Result: Obviously not built for speed (or power), my only choice is to do high jump, long jump, and triple jump.  But I suck at those too.  I didn’t make any friends in Track & Field.  Well, Brian Wong was funny sometimes.  I end up being forced to do 200m too, though I consistently get last place in it (not even close).  I end up feeling drained after every practice because of the energy I exert.  Later on I try tennis, since I figure I’d like it more, but I’m not that good at that either, and I mess up my wrist in the first week.  During tennis conditioning I have one of the worst physical experiences with vomiting that I’ve ever had, and I drop it.  I don’t think i did track during senior year.  The end result is one more line on my college resume.  And not even a good-looking one, since I never won ANYTHING.

Instance 6: Junior year of high school.  Having such a life-changing experience in band, I decide I want to join Winter Percussion this year.  My parents argue ferverently against this, saying it’ll take up too much time, and that it might conflict with math competitions.  I don’t back down, since at this point I’m becoming more and more my own person, and since I KNOW that this is the right decision.

Result: My parents give in.  I join winter percussion and learn mallets, which is fun.  Then I learn timpani, which is amazingly fun.  It was even more fun because of how many changes I had to do during the opener (which is when I played timpani).  It was ridiculous, and challenging.  It was great.  I get to be in a group of hardcore band members who are only there because they want to be.  I get to work with a different set of staff (Corey, Alexa).  And Kellen was awesome.  I ended up missing WP champs for a math competition, but it didn’t make too much difference overall.  Around the end of my first WP season I start getting interested in snare.  I pick up some things over the next few months and start practicing for fun.  I eventually get a real practice pad and start getting more serious about it.  After one year I’m a somewhat competent player, though I have no real experience.  During senior year I come into WP knowing that I want to do snare.  I’m a non-percussionist who never marched snare before, but I take it anyways.  I would have been center snare, except for the fact that they assumed I was going to miss champs again (I didn’t).  This works out because I was tired of leadership after being DM and just wanted to be plain hardcore anyways (and I =was=).  Over the course of this season I get together with my ex, and become very happy in my first and last actual relationship of high school.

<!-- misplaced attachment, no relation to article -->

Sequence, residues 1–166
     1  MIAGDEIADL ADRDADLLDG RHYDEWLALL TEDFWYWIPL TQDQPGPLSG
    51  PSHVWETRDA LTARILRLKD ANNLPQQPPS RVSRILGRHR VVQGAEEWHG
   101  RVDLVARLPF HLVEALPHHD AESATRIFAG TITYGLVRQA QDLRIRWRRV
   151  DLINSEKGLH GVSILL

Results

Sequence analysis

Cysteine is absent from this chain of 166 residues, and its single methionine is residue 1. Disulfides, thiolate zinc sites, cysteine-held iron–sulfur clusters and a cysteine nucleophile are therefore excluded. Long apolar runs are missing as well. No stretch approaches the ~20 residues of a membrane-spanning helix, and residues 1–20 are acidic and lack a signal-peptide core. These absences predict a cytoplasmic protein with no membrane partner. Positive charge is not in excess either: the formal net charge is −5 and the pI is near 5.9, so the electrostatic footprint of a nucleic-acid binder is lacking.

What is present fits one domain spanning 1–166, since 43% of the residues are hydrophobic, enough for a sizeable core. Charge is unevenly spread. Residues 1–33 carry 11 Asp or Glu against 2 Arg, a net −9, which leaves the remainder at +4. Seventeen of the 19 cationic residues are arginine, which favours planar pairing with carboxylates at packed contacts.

Instance 7: College.  I feel pressured to major in EE even though I don’t even really know what it is or have any real interest in it.  This pressure comes from my mom, since–well, my brother did it, so it obviously must be right for me.  In the back of my mind I know that CS makes more sense, since I actually like programming, but I decide I’ll “go along with it”, at least until I find out what EE even entails.

Result: I plan out my entire college curriculum according to EE major requirements and start down the EE path.  During Fall quarter Sophomore year (a few months ago) I take an EE Analog Circuits Laboratory class which makes me miserable because I have no idea what the fuck I’m doing.  I spend hours trying to answer vague pre-lab questions and I still have no idea what a transistor is (no one ever taught me this!).  My partner is supposedly more knowledgable than me in EE but is no real help.  I end up burning through wires and chips because I didn’t understand how electrical ground works.  In the meantime my CS107 class is the best class I’ve taken at Stanford, and the assignments are not only fun but easy.  My frustration with the EE class causes me to go into social isolation on multiple occassions, leading to a downward spiral that climaxed during winter break when I experienced one of the low points of my entire life.  I switch majors to CS and suddenly feel like I have direction in my academic life.  This quarter I take CS140 – Operating Systems and at times become extremely burdened with work (in no small part due to group members SUCKING) but don’t mind because I actually understand what the hell is going on (though, to be honest, I almost -didn’t-, because the course, prof, and TAs were no good).

Bottom line:
=Damn straight= I’m gonna forge my own path through life.  What the hell kind of person would I be if I didn’t?  I wouldn’t be Timm[ie], and I wouldn’t even be The Man.

—–

I’ve been posting HELLA lately.  Maybe I’m trying to make up for the time I lost from my temporary leave of absence.  Or maybe I’m just feeling venty -_-.

Gifts and Letters

Why do I write letters?
Well, for one thing, I like writing.  This blog should be evidence of that.